are "common", should also be translated. The members of
  the mailing list span a wide range of knowledge and
  background, and we would like things to be understood by
  all. Words such as Torah, Shabbat, Mitzvah fall in the
  catagory of "common". If you are unsure, it is better to
  error on the side of including the translation. If the
  translations are missing, the moderator will either
  supply the translation, clearly marking that the
  translation was added by the moderator, or will send the
  submission back to the submitter for translation.

4) Halakhic Authority

  The mailing list is not a halakhic authority, and no
  discussions held on the mailing list should be relied
  upon in a situation where a p'sak halakha [specific
  halakhic decision] is called for. In such a situation,
  whether explicitly stated in the submission or not, the
  rule is: CYLCHA - Contact Your Local Compotent Halakhic
  Authority, or more commonly put - CYLOR - Contact Your
  Local Orthodox Rabbi.

I think this covers most of the ground rules I can think of right now.
Please let me know if I have left anything out, as well as if you have
any comments on any of the rules.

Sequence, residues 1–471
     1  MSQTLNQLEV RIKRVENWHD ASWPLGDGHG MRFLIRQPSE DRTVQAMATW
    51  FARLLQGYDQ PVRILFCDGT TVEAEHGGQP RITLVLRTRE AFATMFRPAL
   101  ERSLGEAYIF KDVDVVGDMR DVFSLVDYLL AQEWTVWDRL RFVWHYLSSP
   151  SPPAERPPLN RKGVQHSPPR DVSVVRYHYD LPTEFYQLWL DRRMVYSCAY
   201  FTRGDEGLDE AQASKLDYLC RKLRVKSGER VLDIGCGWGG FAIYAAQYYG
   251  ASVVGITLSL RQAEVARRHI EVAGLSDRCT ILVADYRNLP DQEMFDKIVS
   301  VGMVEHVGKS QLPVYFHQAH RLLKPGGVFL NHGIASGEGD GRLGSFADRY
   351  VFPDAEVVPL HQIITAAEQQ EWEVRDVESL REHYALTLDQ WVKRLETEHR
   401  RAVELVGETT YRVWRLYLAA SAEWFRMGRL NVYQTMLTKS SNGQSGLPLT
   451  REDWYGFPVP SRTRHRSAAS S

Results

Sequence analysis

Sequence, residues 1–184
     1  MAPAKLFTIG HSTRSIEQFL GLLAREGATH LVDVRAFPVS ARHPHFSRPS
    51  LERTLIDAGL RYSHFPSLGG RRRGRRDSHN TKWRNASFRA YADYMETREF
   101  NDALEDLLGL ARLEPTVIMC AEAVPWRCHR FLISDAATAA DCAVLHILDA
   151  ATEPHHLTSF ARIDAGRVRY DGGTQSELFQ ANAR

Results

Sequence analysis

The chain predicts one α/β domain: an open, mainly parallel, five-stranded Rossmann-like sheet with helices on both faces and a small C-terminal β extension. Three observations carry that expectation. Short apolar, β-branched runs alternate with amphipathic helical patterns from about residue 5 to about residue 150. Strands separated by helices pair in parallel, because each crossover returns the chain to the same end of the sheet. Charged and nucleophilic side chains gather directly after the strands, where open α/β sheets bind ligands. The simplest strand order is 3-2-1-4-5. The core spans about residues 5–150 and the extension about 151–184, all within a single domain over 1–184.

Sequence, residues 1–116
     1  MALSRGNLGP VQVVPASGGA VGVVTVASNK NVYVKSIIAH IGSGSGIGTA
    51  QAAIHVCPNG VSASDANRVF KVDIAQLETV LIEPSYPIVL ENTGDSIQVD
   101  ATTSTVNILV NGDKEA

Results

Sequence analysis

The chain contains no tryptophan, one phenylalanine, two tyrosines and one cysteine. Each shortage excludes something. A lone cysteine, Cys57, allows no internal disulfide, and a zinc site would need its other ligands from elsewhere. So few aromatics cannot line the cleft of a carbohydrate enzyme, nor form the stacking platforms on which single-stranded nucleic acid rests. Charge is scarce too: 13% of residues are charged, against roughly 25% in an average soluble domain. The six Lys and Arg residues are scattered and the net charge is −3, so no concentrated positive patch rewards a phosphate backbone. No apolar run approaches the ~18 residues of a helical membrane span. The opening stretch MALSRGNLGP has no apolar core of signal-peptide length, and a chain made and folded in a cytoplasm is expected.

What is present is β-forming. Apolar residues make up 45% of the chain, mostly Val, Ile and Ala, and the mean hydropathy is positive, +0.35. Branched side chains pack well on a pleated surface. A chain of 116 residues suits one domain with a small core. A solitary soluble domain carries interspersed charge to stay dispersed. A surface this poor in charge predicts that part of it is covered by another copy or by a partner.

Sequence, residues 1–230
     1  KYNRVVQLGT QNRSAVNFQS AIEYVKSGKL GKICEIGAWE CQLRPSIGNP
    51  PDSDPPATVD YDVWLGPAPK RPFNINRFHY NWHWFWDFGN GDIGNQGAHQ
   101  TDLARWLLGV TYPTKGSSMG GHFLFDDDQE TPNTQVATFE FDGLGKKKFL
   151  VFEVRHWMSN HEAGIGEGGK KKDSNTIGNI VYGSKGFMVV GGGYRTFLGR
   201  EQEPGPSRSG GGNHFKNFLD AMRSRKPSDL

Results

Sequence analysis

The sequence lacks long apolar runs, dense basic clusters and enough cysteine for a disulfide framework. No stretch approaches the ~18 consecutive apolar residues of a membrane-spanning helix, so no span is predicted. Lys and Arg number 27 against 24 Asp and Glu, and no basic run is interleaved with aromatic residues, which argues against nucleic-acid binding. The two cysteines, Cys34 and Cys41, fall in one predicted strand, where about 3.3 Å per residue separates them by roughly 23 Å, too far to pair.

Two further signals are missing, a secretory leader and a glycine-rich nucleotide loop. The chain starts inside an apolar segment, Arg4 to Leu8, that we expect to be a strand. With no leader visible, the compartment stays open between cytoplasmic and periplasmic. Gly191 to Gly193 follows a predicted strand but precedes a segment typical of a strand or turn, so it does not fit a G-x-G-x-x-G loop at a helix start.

Avi Feldblum
mail-jewish Moderator
<ayf@...>   or  avi_feldblum@att.com


From: Anthony Fiorino <fiorino@...>
Date: Thu, 21 Jan 93 11:11:29 -0500
Subject: Chatan/Kriat Shma

I had earlier posted a possible reason why a chatan on his wedding night
might be patur [not required - Mod.] from kriat shma, based on a gemara
in brachot.  I have looked into this and found that we no longer poskin
this way; the shulchan aruch records the opinion that a chatan is patur
from kriat shma and t'filah until the consummation of the marriage (if
married to a virgin) because his mind will be diverted; however, we no
longer poskin this way because we don't have such kavana today anyway,
so it doesn't matter that his mind will be diverted.

Eitan Fiorino


From: <VISWANATH@...> (Meylech Viswanath)
Date: Sun, 24 Jan 93 10:00:07 -0500
Subject: Re: Fingernail Clippings

Eliyahu Freilich writes:

       But Jews are not the last people on earth that preserve the Zoroastrian
  tradition; frum Parsees, the Zoroastrians of today, also treat clipped
  fingernails with special care.

I don't know where the Talmud got its info re nail clippings, but I
wouldn't be surprised if nail clippings are treated in many other
religions with care.  I know, for example, that Hindus take care to
properly dispose of nail clippings; if somebody else steps on your nail
clippings, that person is supposed to become your enemy.  (So, Parsees
and Jews are not the only two peoples that exhibit this behavior.)  It
might very well be that nail clippings being sharp, could injure people,
and hence the care devoted to them in many cultures.  (This does not
necessarily mean that the kabbalistic reasons are invalid.)